On Sunday, the sun will rise once again on Tiananmen Square, much like it did on the same Sunday 28 years ago. But unlike that Sunday – June 4, 1989 – Beijing will not awaken to its city occupied by the Chinese military nor the streets surrounding Tiananmen Square littered with the dead bodies of unarmed civilians.
Instead, life will go on in China with no official acknowledgement of the anniversary of that fateful day 28 years ago when the Chinese government ordered its military to open fire on its own people. The exact number of people killed the night of June 3, 1989 into the early morning hours of June 4 is only known to the perpetrators of the massacre: the Chinese Communist Party (“CCP”). But whether it was a few hundred or a few thousand does not diminish the fact that peaceful protests were squashed with such a violent – and unnecessary – crackdown.
Contrary to the CCP’s interpretation of events, the protests in Beijing were not counter-revolutionary attempts to undermine the CCP. And contrary to the Western media’s perceptions at the time, it was not an effort to bring Western democracy to China. Instead, the protests were deeply rooted in China’s own history and tradition, a tradition of students conducting patriotic demonstrations in an effort to strengthen their country.
In 1989, those efforts were directed at the nepotism and corruption that was beginning to plague the CCP, the economic turmoil brought on by inflation, the lack of personal freedoms and government censorship. While students started the protests, eventually, much of the populace joined in, with workers going on strike to support the movement. By mid-May, the protests would draw over a million people on a daily basis. Neither the May 19 declaration of martial law nor the pleading by sympathetic leaders for protesters to clear the square stopped the protests. And on June 3, 1989, Deng Xiaoping gave the order for the army to fire on the civilians.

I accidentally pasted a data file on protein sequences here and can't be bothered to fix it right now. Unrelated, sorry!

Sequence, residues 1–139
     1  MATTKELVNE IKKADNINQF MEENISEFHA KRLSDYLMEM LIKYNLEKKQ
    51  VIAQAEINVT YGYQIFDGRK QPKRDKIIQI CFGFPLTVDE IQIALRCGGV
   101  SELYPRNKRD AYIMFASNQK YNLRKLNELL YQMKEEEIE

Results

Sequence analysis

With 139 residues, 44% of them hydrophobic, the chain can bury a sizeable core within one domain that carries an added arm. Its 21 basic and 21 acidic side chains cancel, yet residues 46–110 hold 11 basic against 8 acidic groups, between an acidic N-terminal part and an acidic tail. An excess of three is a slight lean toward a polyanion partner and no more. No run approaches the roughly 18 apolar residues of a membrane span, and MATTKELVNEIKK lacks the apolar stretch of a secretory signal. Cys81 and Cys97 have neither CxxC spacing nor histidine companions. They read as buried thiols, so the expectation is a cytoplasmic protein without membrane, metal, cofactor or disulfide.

For a brief time after the crackdown, the CCP did acknowledge the event. Not to celebrate the brave men and women who gave their lives to better their country, but to condemn them. Slowly, however, the CCP’s policy changed and instead of trying to change the narrative of that night, the CCP chose to forget it. Today, the Tiananmen massacre is largely scrubbed from the Chinese internet, it is not allowed to be discussed openly and many of the children born after 1989 do not know of the truth of that night.
But every year, there are still those in China willing to risk their freedom to commemorate the violent crackdown on Tiananmen Square. A few years ago it was Chinese netizens reposting the image of the Tank Man – the Chinese citizen stopping a line of tanks, a banned picture on the Chinese internet – standing in front of a line of large, yellow rubber ducks. The picture spread on the Chinese internet until the Chinese authorities got wind, and censored “yellow rubber duck.” This year, it is four men who produced a Chinese rice wine with a label that references “6*4”, a shorthand for the June 4 crackdown, and calls on people to “never forget.” While the bottle has been smuggled out of China by a sympathetic Chinese official, those four men are currently facing charges of inciting subversion of state power.
As much as the CCP may try, China will not forget the brave men and women who lost their lives on June 4, 1989. For there are still enough Chinese people who are willing to put their safety on the line to ensure that that does not happen.